This Saturday, New York University is hosting the 9th annual NYCAASC (@NYCAASC), a day-long conference geared towards AAPI college students. Organized by students from several NYC-area universities including NYU, Columbia, Barnard, CUNY, SUNY and Fordham, this year’s conference theme — “Critical Mass: Collective Bodies for Action” — was chosen to explore how the AAPI community can greater stimulate collective action for social change.
Writing about the conference on their website, organizers say:
2014 was not a landmark year in America’s long history of human rights violations, but it was significant in the refusal of bodies to stand back in the face of injustice. “BLACK LIVES MATTER!” was yelled into the night air, as the list of murdered names grew every day, connected by their perceived social identities—of race, gender, sex, and sexuality, etc— ultimately, in difference: a difference marked onto the body and fraught with meaning.
For this reason, this year’s conference is themed, “Critical Mass: Collective Bodies for Action.” In protest, a mass of bodies becomes a powerful organism, one that breathes, marches, and moves in time together. The goal of this year’s conference is for the Asian/Pacific/American community to reach that critical mass: a point of large scale rupture, but also of creation. A/P/A communities must break away from the position of silence or affirmation they have been confined to and respond to these calls for action.
This year’s conference will push attendees to examine how difference is constructed and imposed onto our bodies. It will look at how bodies are policed in certain contexts— from racialized stereotypes to beauty standards, gender norms, and immigration policy— but even more importantly, it will expand the limits of what a body can do. How will our marked bodies become actors of change and builders of a more just society? Like our activist predecessors, we want to inspire our attendees to create positive change and to add their necessary voices to the singular rallying cry.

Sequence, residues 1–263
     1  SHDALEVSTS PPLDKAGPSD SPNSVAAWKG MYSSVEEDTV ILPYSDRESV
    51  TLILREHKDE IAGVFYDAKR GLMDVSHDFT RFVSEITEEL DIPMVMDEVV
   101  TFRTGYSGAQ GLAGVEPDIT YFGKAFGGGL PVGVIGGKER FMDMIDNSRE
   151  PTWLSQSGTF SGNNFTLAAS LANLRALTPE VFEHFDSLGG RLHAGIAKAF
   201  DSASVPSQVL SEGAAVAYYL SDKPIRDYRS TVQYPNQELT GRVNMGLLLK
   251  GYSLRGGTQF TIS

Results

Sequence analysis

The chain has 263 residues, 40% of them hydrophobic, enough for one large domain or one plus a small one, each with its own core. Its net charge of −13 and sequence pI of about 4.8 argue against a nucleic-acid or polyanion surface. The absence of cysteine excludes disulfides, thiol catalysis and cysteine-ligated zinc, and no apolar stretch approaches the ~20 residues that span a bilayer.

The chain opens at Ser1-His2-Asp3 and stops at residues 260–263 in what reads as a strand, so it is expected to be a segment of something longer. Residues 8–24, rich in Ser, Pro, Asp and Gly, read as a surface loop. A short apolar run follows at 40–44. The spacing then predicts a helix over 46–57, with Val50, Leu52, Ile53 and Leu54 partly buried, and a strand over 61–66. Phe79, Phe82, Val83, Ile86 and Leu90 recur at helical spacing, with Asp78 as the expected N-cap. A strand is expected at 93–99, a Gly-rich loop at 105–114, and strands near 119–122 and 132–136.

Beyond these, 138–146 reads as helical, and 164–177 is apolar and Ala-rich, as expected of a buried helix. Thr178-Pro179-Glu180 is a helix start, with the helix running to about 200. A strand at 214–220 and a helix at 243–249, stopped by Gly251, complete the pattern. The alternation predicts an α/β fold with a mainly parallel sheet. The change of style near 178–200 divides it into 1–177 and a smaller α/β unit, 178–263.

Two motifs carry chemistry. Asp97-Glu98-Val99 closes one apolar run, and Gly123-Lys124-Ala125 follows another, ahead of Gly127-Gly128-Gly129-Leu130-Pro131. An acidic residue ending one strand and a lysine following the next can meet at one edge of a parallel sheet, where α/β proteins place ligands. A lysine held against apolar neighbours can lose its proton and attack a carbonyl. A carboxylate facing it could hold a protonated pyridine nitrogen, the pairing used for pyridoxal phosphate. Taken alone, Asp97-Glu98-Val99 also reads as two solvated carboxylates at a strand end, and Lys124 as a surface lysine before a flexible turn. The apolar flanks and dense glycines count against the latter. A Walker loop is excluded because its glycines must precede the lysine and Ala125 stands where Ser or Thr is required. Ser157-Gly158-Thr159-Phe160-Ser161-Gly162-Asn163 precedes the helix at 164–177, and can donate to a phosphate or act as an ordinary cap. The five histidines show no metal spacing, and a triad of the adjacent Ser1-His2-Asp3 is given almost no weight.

To address this larger theme, workshops have been tailored to focus on such topics as transnational adoption, gender identity, mass incarceration, and Asian American anti-Blackness. Workshops also focus on strategies for building political dialogue and inspiring mass action through mediums of art, film, and story-telling. A keynote talk will be delivered by Jeff Chang, author of the acclaimed book “Who We Be: The Colorization of America” and other works, and interspersed in the schedule are performances by poets Paul Tran and Jess X. Chen. The day-long conference concludes with a concert by the incredible Magnetic North and Taiyo Na (whose collaborative album Home:Word remains a part of my regular playlist in my iPod).
I definitely wish I had the time to check this out this Saturday, because this sounds like an incredible opportunity for any aspiring AAPI activist to listen, learn, and engage in Asian American political organizing and social justice movements.
Registration is free and open to the public. Although regular registration is currently closed, organizers invite interested locals to fill out their registration form and/or to contact conference organizers immediately to secure late registration, which remains available.